July 2019

Government Affairs Update for July 26, 2019

Challenger considers run against Senator Amedore
Michelle Hinchey of Saugerties, daughter of late Congressman Maurice Hinchey, is considering a run for the 46th State Senate seat currently held by REALTOR® member George Amedore (R-Rotterdam). Sen. Amedore has been a strong supporter of REALTOR® issues and was elected to his third term in the Senate in 2018 and was in the State Assembly from 2007 to 2012. Read more here.

Westchester to provide funding for lead paint remediation to homeowners
Westchester County Executive George Latimer announced $4.1 million in federal funding to conduct healthy home assessments and help low-income homeowners remediate lead-based paint in their homes. The grant will allow for approximately 240 properties to be rehabilitated over the course of three years. Property owners, including rental property landlords, are eligible if the property and the occupants meet the program requirements. Read more here.

NYC storefront vacancies will be tracked by a new online database
Many New York City building owners will soon be required to register with the city as part of a new database aimed at reducing the number of storefront vacancies. The City Council on Tuesday passed a bill that mandates the tracking of storefronts and second-floor commercial spaces across the five boroughs in an effort to accurately measure vacancies and come up with informed solutions for filling them. Read more here.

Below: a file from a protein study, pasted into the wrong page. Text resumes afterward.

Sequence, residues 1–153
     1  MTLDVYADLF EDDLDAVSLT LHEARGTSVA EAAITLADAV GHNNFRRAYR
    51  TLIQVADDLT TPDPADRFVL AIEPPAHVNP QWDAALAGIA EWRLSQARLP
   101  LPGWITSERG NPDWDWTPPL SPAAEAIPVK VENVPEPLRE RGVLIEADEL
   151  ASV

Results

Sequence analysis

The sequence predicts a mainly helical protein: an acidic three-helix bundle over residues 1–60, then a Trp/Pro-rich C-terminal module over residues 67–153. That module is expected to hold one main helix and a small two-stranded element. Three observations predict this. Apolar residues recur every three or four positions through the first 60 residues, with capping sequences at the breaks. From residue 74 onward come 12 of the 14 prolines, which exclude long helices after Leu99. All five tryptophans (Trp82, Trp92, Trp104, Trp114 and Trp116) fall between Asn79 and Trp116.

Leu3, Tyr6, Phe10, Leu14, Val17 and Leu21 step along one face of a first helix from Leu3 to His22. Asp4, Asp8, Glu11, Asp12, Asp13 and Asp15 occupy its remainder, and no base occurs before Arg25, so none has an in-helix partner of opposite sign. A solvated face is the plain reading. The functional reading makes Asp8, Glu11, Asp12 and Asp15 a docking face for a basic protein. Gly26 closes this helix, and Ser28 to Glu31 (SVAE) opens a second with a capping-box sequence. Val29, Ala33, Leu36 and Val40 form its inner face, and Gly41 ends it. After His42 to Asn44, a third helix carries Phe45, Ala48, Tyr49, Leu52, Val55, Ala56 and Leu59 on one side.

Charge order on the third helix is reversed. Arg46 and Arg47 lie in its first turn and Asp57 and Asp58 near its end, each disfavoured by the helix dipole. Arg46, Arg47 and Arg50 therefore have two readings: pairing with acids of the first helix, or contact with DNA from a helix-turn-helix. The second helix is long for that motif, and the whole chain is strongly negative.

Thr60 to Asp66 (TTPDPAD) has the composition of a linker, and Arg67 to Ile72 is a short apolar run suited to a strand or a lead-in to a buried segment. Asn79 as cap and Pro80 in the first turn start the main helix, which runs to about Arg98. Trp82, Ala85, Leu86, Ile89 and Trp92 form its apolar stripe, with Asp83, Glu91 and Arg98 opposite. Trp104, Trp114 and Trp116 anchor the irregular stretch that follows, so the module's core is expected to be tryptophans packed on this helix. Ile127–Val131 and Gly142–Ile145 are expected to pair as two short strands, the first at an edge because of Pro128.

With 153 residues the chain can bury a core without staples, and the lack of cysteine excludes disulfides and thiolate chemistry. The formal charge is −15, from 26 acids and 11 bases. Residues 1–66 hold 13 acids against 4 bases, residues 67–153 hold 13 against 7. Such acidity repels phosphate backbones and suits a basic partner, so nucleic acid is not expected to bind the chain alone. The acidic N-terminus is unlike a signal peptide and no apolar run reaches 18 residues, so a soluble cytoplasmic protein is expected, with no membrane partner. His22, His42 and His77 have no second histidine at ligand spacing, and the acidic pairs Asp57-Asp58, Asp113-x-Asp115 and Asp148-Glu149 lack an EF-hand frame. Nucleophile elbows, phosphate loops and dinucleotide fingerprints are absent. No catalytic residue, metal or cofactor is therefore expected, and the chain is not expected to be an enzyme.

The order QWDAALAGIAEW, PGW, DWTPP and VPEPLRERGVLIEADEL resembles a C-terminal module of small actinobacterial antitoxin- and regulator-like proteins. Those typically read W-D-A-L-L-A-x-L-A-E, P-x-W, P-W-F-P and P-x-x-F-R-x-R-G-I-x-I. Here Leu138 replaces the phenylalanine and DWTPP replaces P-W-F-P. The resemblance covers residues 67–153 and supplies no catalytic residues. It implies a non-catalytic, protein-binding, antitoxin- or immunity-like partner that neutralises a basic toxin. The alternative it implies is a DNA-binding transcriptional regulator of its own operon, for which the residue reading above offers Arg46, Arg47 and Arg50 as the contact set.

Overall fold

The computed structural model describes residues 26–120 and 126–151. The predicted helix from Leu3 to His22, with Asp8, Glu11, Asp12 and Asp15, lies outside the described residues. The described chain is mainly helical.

Government Affairs Update for July 19, 2019

Federal lawsuit challenging New York’s new rent law
On July 15, the Rent Stabilization Association and the Community Housing Improvement Program, along with seven individual landlords, filed a lawsuit in the U.S. District Court, Eastern District of New York, alleging that the new rent law approved last month violates the U.S. Constitution’s Fifth Amendment, which includes a clause that bars taking of private property without “just compensation,” and the Fourteenth Amendment’s due process clause. Read more here.

NY, NJ and CT challenge IRS’ SALT workaround rule in lawsuit
New York, New Jersey, and Connecticut sued the federal government Wednesday over a recent decision by the IRS to not let the states use charitable funds as a workaround to a $10,000 cap on state and local tax deductions. Read more here.

State Comptroller: Tax Cap Remains at Two Percent for 2020
Property tax levy growth for local governments with fiscal years that close on Dec. 31 will be capped at 2 percent for 2020, according to State Comptroller Thomas DiNapoli. Municipalities have had their levy growth capped at less than 2 percent since 2014. Read more here.

VA loan limits to be lifted in 2020
President Trump signed a bill into law that allows the Department of Veterans Affairs to back loans that exceed the conforming loan limit, which enables homebuyers using a VA loan to borrow above the 2019 limit of $484,350 for most counties, without any down payment. NAR supported this measure. The Department of Veterans Affairs said lender guidelines will be released ahead of the January 2020 effective date. Read more here.

Government Affairs Update for July 12, 2019

NYSAR 2019 Legislative Session Summary